Stage 4. Dissertation Defense: Scheduling and Format
During the semester in which the candidate plans to complete the dissertation, s/he should schedule a dissertation defense with the guidance committee. It is the candidate’s responsibility to schedule the defense (a two-hour block of time) at least one month in advance. The candidate delivers copies of the completed dissertation to each committee member no later than two weeks before the scheduled defense date.
If a committee member determines that there are significant problems with the dissertation, the dissertation defense should be cancelled. (Cancellation of a dissertation defense should be a rare occurrence. If the student delivers chapters well in advance of the defense and has been revising the chapters based on feedback, and if the committee members have been approving those chapters all along, there should seldom be need to hold up the defense.)
Traditionally, dissertations are “defended.” However the word “defense” has some unfortunate connotations, suggesting that the project will be under attack. That should not be the case. Committee members are committed to helping candidates develop a strong project, a dissertation that will have positive impact on the discipline, that will create new knowledge, that will lead to pedagogical innovations, that will help people become better writers (or understand writing better), and that will help the candidate’s professional development. Committee members also want candidates to produce dissertations that are publishable–if not as a book then as a series of articles or chapters.
To achieve these ends, committee members ask tough questions and raise critical points through the entire process, challenging the candidate in order to make the project better. By the time of the dissertation defense, however, the candidate should have already encountered all the tough questions the committee has. If there has been a serious, critical dialogue through the dissertation process, a candidate will be more than adequately prepared for the dissertation “defense.”
The dissertation defense is structured as follows:
- The candidate begins by delivering a short presentation about the dissertation (10-12 minutes maximum).
- Each committee member has time to raise questions and make suggestions about the dissertation (approximately 15 minutes each), allowing the candidate an opportunity to respond. Discussion of the dissertation might last about an hour.
- When all the questions have been discussed and addressed, the dissertation committee chair asks the candidate to leave the room to allow time for the committee to deliberate about the dissertation and the defense. The committee discusses three questions in particular: (a) Is the dissertation document and the defense/presentation of it acceptable? (b) What revisions or editorial amendments are necessary? (c) How should the candidate think about preparing the dissertation for future publication (as a book or set of articles)? Typically this deliberation takes 15-20 minutes.
- When the committee has concluded its deliberations, the committee chair invites the candidate back into the room to hear the decision, to discuss any needed revisions, and to get advice about future publication.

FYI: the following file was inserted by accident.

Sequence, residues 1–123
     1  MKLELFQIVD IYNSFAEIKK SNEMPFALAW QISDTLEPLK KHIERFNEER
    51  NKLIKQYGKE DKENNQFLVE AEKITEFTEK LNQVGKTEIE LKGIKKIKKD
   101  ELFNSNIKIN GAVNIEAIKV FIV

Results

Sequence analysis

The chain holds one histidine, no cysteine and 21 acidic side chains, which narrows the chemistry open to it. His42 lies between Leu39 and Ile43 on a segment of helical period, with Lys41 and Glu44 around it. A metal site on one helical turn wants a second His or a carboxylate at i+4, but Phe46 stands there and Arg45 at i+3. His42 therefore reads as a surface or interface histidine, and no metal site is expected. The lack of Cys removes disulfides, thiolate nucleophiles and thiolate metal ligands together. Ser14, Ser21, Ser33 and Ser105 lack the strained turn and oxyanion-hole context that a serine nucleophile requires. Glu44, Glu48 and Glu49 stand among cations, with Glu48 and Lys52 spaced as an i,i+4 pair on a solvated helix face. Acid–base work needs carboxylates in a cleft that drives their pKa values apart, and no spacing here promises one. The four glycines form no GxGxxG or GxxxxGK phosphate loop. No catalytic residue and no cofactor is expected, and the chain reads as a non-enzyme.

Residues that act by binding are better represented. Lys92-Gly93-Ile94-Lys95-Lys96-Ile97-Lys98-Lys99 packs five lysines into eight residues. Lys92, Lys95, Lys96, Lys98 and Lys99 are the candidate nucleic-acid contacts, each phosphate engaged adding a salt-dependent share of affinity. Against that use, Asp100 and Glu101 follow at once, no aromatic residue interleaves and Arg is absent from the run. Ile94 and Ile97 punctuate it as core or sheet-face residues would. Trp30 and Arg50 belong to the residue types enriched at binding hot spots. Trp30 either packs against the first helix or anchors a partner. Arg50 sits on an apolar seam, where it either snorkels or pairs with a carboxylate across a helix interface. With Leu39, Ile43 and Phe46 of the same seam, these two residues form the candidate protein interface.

- All official university forms are signed by each member of the committee.
(See Section 7.0 of this handbook for the guidelines concerning dissertation formatting and filing.)
Some credits may be transferred to the PhD program from other accredited institutions, with the approval of the graduate director. Students who have taken coursework in the program through Lifelong Education may transfer up to ten credits, with the approval of the director, after they are accepted into the regular degree program.
Petitioning for Course Waiver or Substitution
It is possible to petition to waive one of the course requirements or to substitute a different course for one of the requirements. Students who have already taken comparable coursework in an MA program may not need to retake a similar course at the PhD level. For example, AL 805 History of Rhetoric–part of the core requirement–could be waived if a history of rhetoric course was completed as part of MA degree work.
A waived requirement does not result in credit for the course. It is a course waiver, not a credit transfer. The student must still complete the entire number of course credits required for the degree.
To request a waiver, the student and guidance committee chair must:
- write memo to the director of the graduate program, making the request and explaining the rationale for the waiver or substitution, and
- provide copies of the syllabus(i) and reading lists for the course(s) comparable to one of the degree course requirements.
The director will consult the Rhetoric & Writing Graduate Committee to review the request and the instructor for the course in question, if possible.
Time Limit for Program
Completion of the PhD must occur within eight (8) years of entering the program. Completion of all comprehensive exams (core, concentration, pre-dissertation defense) must occur within five (5) years of entering the program. The clock starts ticking the semester of the first class that is counted toward the degree.
Career Services & Job Placement
The Rhetoric & Writing program runs a hands-on semester-long job placement workshop each fall. Participation in this workshop is mandatory for job-seeking Rhetoric & Writing doctoral candidates.
The Graduate School provides a variety of career services specifically designed for doctoral students. A listing of workshops and other career counseling activities can be found at http://grad.msu.edu/careerservices/. Additionally, MSU has partnered with the online credentials management service Interfolio, Inc. to manage distribution of credentials files during the job search.